Decades from now, baseball historians may look back at the spring of 2019 as the moment the game entered a new era in its evolution, a period we might call the innovation era. For a sport that traditionally has been slow to evolve, sometimes to the point of self-destruction, the rate of change has had a dizzying effect, and is certain to be in evidence as the 2019 season begins.

This was the spring of rule changes — immediate, future, proposed and experimental — that could shape the way the game is played on the field, in ways large and small. This season will see a reduction in mound visits. In 2020, a three-batter minimum for new pitchers. And perhaps someday soon: a universal designated hitter and a limit on defensive shifts.

This was the spring that bullpens and batting cages across the Cactus and Grapefruit leagues were overtaken by high-speed Edgertronic cameras, Trackman and Rapsodo data-tracking devices and Blast Motion bat sensors. Once used by only a handful of progressive, analytics-driven franchises — the Houston Astros are widely credited with being the first — by this spring they had become almost ubiquitous, offering pitchers and hitters detailed data on every aspect of every pitch or swing.

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This was the spring coaching staffs across the game began to reflect the shift toward innovation and technology, with hitting coach and pitching coach positions — for decades the domain of grizzled ex-big leaguers toting fungo bats and stopwatches — being given to young candidates with no professional playing experience and backgrounds in college baseball or data-focused, private training facilities.

“You have to be open to innovation these days,” said 36-year-old Mike Elias, the Baltimore Orioles’ new general manager and a product of the highly progressive Astros front office. Among his first moves with the Orioles was to hire Sig Mejdal, a former NASA engineer who helped build out the Astros’ industry-leading analytics department, as an assistant.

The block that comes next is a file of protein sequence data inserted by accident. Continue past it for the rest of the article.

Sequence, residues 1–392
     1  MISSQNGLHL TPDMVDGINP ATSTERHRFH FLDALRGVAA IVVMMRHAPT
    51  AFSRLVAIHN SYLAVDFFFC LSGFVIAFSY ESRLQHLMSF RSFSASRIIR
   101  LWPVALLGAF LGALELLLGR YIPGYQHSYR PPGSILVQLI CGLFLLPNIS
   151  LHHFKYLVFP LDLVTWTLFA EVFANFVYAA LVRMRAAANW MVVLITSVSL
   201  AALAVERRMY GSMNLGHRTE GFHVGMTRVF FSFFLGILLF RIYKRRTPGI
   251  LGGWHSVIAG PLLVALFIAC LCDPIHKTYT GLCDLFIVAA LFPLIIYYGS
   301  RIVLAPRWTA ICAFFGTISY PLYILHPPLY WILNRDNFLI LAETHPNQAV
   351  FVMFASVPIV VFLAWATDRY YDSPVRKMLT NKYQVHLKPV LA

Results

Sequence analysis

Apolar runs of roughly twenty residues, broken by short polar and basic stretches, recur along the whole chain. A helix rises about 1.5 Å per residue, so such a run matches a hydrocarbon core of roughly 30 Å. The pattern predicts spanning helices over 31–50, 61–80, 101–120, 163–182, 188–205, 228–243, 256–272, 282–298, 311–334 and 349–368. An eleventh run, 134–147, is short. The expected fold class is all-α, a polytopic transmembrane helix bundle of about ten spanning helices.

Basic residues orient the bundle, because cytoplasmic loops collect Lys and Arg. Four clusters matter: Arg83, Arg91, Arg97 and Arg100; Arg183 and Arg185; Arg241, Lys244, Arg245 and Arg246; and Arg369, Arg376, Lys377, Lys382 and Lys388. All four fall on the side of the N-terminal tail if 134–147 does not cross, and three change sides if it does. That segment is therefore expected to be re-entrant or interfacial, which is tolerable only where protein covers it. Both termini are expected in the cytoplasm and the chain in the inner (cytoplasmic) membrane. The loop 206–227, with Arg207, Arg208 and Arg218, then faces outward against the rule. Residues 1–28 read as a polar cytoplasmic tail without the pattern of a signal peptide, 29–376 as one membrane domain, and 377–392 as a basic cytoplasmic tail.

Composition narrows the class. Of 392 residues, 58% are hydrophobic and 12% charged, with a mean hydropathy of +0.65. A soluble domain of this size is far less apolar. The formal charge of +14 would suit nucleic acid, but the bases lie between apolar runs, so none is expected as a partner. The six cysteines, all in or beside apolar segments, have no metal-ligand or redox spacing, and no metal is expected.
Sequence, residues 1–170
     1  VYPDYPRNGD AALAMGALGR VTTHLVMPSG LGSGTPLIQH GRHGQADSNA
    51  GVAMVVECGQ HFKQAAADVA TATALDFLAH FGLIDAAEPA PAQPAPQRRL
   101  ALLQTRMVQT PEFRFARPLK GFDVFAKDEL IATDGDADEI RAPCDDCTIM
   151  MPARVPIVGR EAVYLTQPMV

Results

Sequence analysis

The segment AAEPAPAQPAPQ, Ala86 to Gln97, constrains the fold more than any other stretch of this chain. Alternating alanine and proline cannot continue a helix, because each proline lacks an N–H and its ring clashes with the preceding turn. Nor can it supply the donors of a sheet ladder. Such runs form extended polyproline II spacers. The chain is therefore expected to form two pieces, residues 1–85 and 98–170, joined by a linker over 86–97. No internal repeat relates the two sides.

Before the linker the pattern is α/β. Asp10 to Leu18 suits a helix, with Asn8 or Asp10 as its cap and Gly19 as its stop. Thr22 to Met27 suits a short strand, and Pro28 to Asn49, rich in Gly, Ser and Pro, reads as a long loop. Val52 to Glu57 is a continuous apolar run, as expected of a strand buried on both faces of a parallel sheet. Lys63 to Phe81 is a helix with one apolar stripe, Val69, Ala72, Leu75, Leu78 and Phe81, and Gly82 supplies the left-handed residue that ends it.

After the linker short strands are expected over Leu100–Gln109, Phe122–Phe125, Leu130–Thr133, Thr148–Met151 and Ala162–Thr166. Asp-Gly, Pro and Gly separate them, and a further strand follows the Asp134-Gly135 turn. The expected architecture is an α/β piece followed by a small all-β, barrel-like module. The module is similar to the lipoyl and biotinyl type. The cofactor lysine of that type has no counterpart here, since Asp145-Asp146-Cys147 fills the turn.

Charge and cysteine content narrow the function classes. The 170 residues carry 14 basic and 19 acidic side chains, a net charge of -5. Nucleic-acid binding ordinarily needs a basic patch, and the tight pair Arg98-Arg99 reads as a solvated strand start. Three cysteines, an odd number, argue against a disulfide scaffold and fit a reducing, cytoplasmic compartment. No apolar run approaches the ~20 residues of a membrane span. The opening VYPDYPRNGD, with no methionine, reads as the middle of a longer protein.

“The whole sport is doing it,” Elias said. “It’s not really an option [to not innovate] right now. Things are different than when it first came out. There’s success you can point to, and some of that happened in Houston. So players [on other teams] were naturally jealous and curious, and they’re excited to have it on their side now. Nobody likes being outgunned.”

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Increasingly, the language of the game is rooted in innovation and technology. Think of some of the terms that have entered the baseball lexicon in the past few years: Launch angle, exit velocity and spin rate — phrases stemming from data-tracking. And the opener — the concept, first popularized last season by the Tampa Bay Rays, of starting a game with a short-stint “relief” pitcher to get through the top of the opponent’s order, before giving way to a more traditional “starter.”

If you’re still out there trying to resist all the change, based on a preference for some old-school style of baseball, there’s some bad news for you: You’ve already lost.

“Some people didn’t like the radar gun either when it came out,” Seattle Mariners Director of Player Development Andy McKay said. “Progress is hard, because it takes a lot of relearning. It takes a lot of letting go of things you always thought of as the truth — even though there was really no evidence to support it. Now there are very few things we can’t support with evidence.

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“You can stare at the evidence and try to deny it. [But] that’s just a really bad idea right now, because the evidence is overwhelming.”

The Mariners were one of a handful of teams that made hires for critical coaching positions that would have been considered radical just a few years ago but these days have become almost the norm. Paul Davis, the Mariners’ new pitching coach, has no professional playing or major league coaching experience — but he is a former college psychology professor whose only previous professional baseball experience was as the manager of pitching analytics for the St. Louis Cardinals.